The 5th Circuit, in Estate of Jameson v. Comr., 267 F.3d 366, made further inroads into the doctrine of precluding valuation discounts for built-in capital gains. Reversing the Tax Court, it held that a full discount for accrued capital gains tax liability should have been allowed when assessing the value of the estate’s holdings in a privately held C corporation.
Although family holding entities are often created to achieve valuation discounts, the Tax Court allowed a 30% fractional interest discount for undivided minority interests in real estate held outright. The court cited the “limited pool of potential buyers” and the likely costs of partitioning various parcels. Est. of Forbes, T.C. Memo 2001-72.
Est. of Simplot, 249 F.3d 1191, was reversed by the 9th Circuit. Tax Court had ascribed an astronomical value to a small percentage of voting shares. The appellate decision cast doubt on the IRS theory of a swing-vote premium (PLR 9436005) and also soundly rejected the Tax Court’s view that an enormous premium, measured as a percentage of the total value of the company, could be ascribed to a relatively small percentage of a company’s stock.
The IRS suffered a string of defeats in the FLLC-FLP context: Church v. U.S., 268 F.3d 1063, decided that an FLP created shortly before death was not a sham, despite a failure to file proper state documents until after the decedent’s death. Est. of Jones, 116 T.C. 121, rejected the gift on formation argument and held that limitations on transfer and withdrawal are not “applicable restrictions” under §2704. Knight v. Comr, 115 T.C. 506, upheld a 44% discount for lack of control and marketability, despite the fact that the partnership kept no records and the children’s trusts never participated in management. The Tax Court reasoned that the agreement was valid under state law, and could not be disregarded because a hypothetical buyer or seller would not disregard it. 115 T.C. 506. Estate of Strangi, 115 T.C. 478, held that a partnership validly existing under state law must be respected for estate tax purposes, despite doubtful nontax motives. Finally, Est. of Dailey, T.C. Memo 2001-263, rejected the IRS’s appraisal, and allowed a 40% discount in an FLP holding only marketable securities.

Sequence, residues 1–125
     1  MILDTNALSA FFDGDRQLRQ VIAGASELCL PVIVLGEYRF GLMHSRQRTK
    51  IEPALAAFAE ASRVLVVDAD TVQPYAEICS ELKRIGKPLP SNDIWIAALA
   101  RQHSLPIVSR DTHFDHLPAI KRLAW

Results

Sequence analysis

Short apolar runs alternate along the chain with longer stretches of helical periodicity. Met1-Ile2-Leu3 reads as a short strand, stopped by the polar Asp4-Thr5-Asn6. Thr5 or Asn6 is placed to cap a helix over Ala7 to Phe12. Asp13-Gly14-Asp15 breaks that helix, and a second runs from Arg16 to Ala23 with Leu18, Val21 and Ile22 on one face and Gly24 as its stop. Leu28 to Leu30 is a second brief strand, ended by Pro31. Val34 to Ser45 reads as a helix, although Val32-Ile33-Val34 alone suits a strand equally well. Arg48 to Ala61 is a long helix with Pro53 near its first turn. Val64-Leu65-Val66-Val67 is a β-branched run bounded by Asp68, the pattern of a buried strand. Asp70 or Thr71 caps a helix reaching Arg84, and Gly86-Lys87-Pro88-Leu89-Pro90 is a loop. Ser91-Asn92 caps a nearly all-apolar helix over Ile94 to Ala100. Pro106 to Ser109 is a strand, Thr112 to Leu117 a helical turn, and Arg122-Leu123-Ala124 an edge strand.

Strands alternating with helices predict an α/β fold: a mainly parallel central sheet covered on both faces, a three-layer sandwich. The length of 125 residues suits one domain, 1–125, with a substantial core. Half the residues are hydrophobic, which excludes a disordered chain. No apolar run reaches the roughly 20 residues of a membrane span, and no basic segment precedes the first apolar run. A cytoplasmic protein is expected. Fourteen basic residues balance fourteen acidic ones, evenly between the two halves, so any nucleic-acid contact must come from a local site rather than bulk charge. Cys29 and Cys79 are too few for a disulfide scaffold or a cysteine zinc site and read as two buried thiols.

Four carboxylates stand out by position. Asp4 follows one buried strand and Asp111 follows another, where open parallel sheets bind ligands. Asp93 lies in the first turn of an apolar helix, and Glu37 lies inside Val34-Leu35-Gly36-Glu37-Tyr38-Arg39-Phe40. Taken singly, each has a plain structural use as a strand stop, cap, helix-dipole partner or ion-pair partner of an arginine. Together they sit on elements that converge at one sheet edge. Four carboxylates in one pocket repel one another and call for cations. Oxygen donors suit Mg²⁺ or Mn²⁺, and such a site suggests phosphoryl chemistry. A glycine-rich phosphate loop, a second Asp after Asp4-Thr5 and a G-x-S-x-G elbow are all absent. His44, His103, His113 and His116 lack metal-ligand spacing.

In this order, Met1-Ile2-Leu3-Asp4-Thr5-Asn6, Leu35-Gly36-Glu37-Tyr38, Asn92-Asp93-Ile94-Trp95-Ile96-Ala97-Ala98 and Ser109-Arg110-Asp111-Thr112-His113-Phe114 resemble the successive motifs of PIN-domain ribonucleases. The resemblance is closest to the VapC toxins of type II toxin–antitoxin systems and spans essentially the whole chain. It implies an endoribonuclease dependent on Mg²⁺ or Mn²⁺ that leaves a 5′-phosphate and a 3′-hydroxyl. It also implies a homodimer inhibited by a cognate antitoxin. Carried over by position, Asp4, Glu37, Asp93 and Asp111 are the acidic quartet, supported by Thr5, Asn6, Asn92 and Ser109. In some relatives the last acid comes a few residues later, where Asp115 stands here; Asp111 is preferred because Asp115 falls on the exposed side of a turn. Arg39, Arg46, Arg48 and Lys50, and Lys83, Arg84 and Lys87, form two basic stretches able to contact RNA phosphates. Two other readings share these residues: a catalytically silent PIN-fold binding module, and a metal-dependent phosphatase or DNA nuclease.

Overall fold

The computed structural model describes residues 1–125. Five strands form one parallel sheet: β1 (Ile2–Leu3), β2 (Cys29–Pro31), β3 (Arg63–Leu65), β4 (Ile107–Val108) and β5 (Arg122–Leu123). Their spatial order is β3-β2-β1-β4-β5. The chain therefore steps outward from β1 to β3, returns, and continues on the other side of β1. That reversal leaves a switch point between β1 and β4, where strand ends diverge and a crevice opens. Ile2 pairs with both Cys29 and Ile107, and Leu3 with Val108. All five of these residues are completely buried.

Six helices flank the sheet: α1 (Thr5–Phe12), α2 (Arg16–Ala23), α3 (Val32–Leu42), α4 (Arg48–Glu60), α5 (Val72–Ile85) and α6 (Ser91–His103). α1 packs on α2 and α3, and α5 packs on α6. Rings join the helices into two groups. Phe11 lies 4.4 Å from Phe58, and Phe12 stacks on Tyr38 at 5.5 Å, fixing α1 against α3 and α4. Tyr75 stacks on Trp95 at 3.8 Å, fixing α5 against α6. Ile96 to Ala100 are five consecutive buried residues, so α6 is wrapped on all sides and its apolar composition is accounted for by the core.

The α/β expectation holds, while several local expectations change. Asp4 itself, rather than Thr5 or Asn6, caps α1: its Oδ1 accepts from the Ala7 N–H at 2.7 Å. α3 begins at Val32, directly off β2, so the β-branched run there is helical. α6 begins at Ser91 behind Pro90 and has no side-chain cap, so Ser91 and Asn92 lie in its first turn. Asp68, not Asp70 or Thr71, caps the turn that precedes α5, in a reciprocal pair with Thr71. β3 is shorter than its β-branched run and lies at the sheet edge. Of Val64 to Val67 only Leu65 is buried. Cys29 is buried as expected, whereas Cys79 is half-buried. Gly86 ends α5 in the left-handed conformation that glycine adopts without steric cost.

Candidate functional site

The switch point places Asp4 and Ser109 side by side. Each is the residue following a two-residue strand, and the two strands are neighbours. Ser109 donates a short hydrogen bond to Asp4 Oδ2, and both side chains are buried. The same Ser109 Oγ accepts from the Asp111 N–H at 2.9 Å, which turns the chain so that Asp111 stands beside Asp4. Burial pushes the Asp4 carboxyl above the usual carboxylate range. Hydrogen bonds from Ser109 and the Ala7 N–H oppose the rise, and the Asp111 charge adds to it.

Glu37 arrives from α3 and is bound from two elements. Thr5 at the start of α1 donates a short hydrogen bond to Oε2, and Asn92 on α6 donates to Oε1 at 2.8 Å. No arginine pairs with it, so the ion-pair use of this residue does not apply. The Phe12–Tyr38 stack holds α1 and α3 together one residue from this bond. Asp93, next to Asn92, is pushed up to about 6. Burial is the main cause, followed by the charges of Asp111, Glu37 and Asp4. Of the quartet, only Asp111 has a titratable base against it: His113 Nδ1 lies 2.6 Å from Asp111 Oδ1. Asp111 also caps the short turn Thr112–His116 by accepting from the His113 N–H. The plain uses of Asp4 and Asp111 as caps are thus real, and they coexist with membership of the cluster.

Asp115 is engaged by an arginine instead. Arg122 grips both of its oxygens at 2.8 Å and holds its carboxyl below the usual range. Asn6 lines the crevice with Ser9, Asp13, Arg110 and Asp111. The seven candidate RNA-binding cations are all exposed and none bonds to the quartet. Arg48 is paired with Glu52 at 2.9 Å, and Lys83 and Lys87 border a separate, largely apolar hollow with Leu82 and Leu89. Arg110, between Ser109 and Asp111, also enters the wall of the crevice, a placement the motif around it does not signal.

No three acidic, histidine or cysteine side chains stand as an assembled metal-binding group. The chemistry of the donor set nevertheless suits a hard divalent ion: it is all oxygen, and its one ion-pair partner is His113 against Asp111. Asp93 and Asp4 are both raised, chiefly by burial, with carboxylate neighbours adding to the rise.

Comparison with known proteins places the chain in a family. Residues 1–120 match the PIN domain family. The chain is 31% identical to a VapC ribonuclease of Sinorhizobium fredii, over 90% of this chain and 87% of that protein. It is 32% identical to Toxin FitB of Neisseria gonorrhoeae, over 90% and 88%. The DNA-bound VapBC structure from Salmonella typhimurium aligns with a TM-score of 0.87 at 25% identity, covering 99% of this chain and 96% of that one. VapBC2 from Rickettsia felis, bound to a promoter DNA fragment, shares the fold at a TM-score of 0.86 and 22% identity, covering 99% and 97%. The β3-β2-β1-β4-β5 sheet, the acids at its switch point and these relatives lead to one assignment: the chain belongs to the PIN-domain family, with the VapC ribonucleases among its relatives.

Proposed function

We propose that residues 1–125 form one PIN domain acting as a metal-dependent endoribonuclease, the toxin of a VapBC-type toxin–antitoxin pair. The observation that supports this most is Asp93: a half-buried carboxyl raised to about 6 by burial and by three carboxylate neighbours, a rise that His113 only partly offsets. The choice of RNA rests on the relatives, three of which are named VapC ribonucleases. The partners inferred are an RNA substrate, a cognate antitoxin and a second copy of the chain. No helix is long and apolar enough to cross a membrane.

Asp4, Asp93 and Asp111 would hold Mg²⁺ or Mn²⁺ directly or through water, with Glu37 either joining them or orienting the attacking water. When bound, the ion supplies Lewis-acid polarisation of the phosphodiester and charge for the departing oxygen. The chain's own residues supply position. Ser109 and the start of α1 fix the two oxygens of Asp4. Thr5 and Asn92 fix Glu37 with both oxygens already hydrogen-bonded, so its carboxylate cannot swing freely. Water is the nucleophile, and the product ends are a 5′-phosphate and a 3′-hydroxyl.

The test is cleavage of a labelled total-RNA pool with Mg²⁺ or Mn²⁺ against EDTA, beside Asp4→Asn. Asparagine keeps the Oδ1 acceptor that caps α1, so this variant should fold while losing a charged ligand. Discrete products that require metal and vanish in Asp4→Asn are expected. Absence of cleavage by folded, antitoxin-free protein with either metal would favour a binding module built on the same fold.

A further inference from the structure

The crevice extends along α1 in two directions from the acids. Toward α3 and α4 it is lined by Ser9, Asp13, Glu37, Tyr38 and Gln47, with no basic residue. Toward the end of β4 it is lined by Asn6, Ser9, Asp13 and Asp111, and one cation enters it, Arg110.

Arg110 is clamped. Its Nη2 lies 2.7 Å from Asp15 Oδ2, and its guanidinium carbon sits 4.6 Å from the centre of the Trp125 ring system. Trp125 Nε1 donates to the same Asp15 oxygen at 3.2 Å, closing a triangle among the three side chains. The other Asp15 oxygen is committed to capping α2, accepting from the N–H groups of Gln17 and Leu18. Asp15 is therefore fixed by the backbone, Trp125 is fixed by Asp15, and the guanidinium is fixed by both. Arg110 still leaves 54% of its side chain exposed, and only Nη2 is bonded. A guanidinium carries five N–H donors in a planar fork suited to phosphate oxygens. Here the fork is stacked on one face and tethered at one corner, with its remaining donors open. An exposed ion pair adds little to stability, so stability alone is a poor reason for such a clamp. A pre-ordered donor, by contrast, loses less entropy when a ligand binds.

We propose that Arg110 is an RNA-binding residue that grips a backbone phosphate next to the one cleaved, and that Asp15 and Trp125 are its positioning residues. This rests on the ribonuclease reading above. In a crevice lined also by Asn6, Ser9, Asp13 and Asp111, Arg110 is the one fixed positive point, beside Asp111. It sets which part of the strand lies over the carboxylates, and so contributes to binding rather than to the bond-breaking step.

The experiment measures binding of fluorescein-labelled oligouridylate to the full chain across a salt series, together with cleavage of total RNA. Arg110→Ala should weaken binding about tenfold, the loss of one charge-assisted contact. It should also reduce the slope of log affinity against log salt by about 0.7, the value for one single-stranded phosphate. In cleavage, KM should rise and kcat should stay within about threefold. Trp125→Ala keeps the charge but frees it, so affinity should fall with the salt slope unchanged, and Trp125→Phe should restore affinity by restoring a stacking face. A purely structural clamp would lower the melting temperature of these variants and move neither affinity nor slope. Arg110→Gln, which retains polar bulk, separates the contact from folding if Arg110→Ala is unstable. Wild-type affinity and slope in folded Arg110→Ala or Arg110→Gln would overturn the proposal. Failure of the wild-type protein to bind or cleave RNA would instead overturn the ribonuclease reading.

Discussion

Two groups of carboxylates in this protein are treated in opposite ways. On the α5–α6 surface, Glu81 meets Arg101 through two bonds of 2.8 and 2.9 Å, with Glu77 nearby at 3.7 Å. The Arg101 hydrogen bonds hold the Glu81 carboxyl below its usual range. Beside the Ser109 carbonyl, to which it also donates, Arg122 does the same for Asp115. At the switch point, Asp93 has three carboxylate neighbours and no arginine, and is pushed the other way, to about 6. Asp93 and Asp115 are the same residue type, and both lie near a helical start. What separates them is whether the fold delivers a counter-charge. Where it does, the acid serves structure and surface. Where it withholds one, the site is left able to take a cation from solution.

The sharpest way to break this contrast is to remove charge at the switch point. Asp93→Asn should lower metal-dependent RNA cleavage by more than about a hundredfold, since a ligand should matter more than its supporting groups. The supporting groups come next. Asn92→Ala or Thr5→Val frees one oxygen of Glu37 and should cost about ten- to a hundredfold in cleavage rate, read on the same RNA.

Est. of True, T.C. Memo 2001-67, held that a buy-sell agreement, which adopted a book value formula designed by the family accountant who was not a professional appraiser, although legitimate as a business arrangement, did not establish estate tax values. The court reasoned that the same formula was used to value different companies, the agreement failed to provide for re-evaluation, and the children had no opportunity to negotiate its terms.
Est. of Rosano, 245 F.3d 212, held that checks used to make annual exclusion gifts were includible in the estate when they were deposited, but not cashed before the donor’s death. Est. of Swanson, 46 Fed. Cl. 388, held that gifts made pursuant to a durable power of attorney were includible in the decedent’s estate since that power was not expressly stated and could not be implied. This decision suggests that it would be prudent to expressly include such language in New York durable powers if these gifts are contemplated.
Hahn v. Comr, 110 T.C. 140, held that a decedent’s gross estate includes the full value of property jointly owned by the decedent and the surviving spouse where the decedent had contributed the entire consideration in 1972, prior to the enactment of the automatic 50% rule of IRC § 2040(b)(1) in 1981. Thus, the surviving spouse was entitled to a higher income tax basis at no estate tax cost, due to the unlimited marital deduction. The Tax Court followed the rule first enunciated in Gallenstein v. U.S., 975 F.2d 286. The IRS has acquiesced to the decision.
O’Neal v. U.S., 258 F.3d 1265, held that post mortem events must be ignored when valuing unpaid income taxes for estate tax purposes. (Income taxes had been paid on an assessed estate tax deficiency. When the estate tax dispute was eventually settled, an income tax refund was claimed.) Similarly, the 10th Circuit, in McMorris v. Comr, 243 F3d 1254, reversed the Tax Court and, quoting Regs. §20.2053-1(b)(3), held that an estate may properly deduct amounts that are “ascertainable with reasonable certainty” at death. The estate had deducted income tax on disputed capital gains which, after resolution, actually resulted in a taxable loss. Est. of Smith v. Comr., T.C. Memo 2001-303, similarly held that an estate may properly deduct income taxes that it may never pay.
Branson v. Comr., 264 F.3d 904 held that an estate may equitably recoup an overpayment income taxes, despite the expiration of the statute of limitations.